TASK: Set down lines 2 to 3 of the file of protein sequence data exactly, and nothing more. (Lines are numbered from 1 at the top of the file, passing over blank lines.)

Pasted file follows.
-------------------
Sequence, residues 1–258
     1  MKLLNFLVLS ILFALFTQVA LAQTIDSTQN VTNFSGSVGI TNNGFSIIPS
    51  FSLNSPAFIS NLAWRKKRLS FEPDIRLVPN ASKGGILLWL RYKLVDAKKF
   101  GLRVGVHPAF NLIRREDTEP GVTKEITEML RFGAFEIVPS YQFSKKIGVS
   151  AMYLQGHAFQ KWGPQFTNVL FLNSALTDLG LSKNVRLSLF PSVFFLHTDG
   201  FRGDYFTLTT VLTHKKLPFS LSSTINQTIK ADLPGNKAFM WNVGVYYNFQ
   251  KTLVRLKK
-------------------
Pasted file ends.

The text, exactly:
     1  MKLLNFLVLS ILFALFTQVA LAQTIDSTQN VTNFSGSVGI TNNGFSIIPS
    51  FSLNSPAFIS NLAWRKKRLS FEPDIRLVPN ASKGGILLWL RYKLVDAKKF